Chip issues delay McLaren’s Artura, Hyundai ceases engine R&D, big-battery Rivians take a back seat


Chip shortage strikes again, this time hampering McLaren’s Artura launch

Intake: The global semiconductor shortage will delay the launch of McLaren’s Artura plug-in hybrid supercar, according to a report from Automotive News. This is the third time that the hybrid V-6 McLaren has been delayed—it was initially slated to arrive in Q3 of last year, but operating challenges caused by the pandemic pushed that date to June of 2021, then supplier problems pushed that to early fall of 2021. The new target date for deliveries is now some time in July. The Artura will spearhead a new platform for McLaren, dubbed the Carbon Lightweight Architecture, or CLA. Power comes from a twin-turbo 3.0-liter V-6 engine that is supplemented by an axial flux electric motor and a 7.4-kilowatt-hour battery, with a combined output of 671 hp.

Exhaust: In a comment delivered to AN, McLaren spokesperson Roger Ormisher said, “We held on longer than everybody else in terms of stopping production, but unfortunately, our semiconductor supply dried up.” While it’s certainly unfortunate that the world will have to wait a bit longer to see what Woking’s latest supercar is capable of, chip issues remain a major hurdle. Earlier this year, Chevrolet dropped basic equipment such as heated seats from a wide swathe of products due to the chip shortage, and many other automakers have been forced to make similar decisions due to dwindling semiconductor supply.

Report: Hyundai halting hydrogen and internal-combustion engine development

Hyundai Venue denim
Cameron Neveu

Intake: Hyundai is putting all its eggs in the battery basket, according to South Korean media. A recent report in The Korea Economic Daily says the company is planning to close down its R&D center for combustion engines, while a story in The Chosun Iibo says that Hyundai is also to abandon work on hydrogen fuel cells. That would put the firm’s full focus on battery-electric vehicles. The Korea Economic Daily says that Hyundai has closed the engine development division at  its Namyang Research and Development center, citing an email from the new R&D head Park Chung-kook which says, “Now, it is inevitable to convert into electrification. Our own engine development is a great achievement, but we must change the system to create future innovation based on the great asset from the past.” Meanwhile, The Chosun Iibo sates that Hyundai’s hydrogen plans have a hit a wall as the company face challenges to lower production costs to a viable level.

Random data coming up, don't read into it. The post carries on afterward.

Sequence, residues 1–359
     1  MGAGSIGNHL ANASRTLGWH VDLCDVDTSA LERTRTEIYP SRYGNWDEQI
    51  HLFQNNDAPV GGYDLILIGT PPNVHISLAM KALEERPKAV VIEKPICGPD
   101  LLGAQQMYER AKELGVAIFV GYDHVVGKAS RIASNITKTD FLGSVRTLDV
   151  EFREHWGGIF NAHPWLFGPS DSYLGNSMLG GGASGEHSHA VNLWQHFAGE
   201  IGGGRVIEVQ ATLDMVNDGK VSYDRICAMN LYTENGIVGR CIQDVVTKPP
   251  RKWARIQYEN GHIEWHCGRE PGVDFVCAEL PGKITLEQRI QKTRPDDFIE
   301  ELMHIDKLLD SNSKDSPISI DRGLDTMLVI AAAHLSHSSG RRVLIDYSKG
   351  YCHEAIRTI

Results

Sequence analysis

Exhaust: Hyundai halting the development of future internal combustion engines is no surprise; many car makers such as Audi, Mercedes-Benz, Jaguar, and the Stellantis Group have already announced similar plans. But ditching H2 just months after the Korean company revealed its Hydrogen Vision 2040 concept and hinted at a 2025 h2-fuelled Genesis is a bit more surprising. We’ve reached out to Hyundai for comment and will update when we hear back.

Rivian delays bigger-battery truck and SUV until 2023

Rivian R1T

Intake: In a letter sent to customers yesterday, Rivian CEO RJ Scaringe said that delivery of the “Max pack” battery versions of the R1T pickup and R1S SUV will be delayed until 2023. Range for these models is roughly 400 miles, versus the approximately 314-mile range of the standard “Large pack” battery. Of the 71,000 or so pre-orders for the all-electric truck and SUV, most are for the Large pack—80 percent, according to Automotive News. Both the Rivian truck and SUV are available in standard Explorer Package trim, as well as the premium Adventure Package trim. “In order to serve the largest number of preorder holders, we will be prioritizing building the Adventure Package with Large pack battery during the next year,” reads the letter from Rivian’s CEO.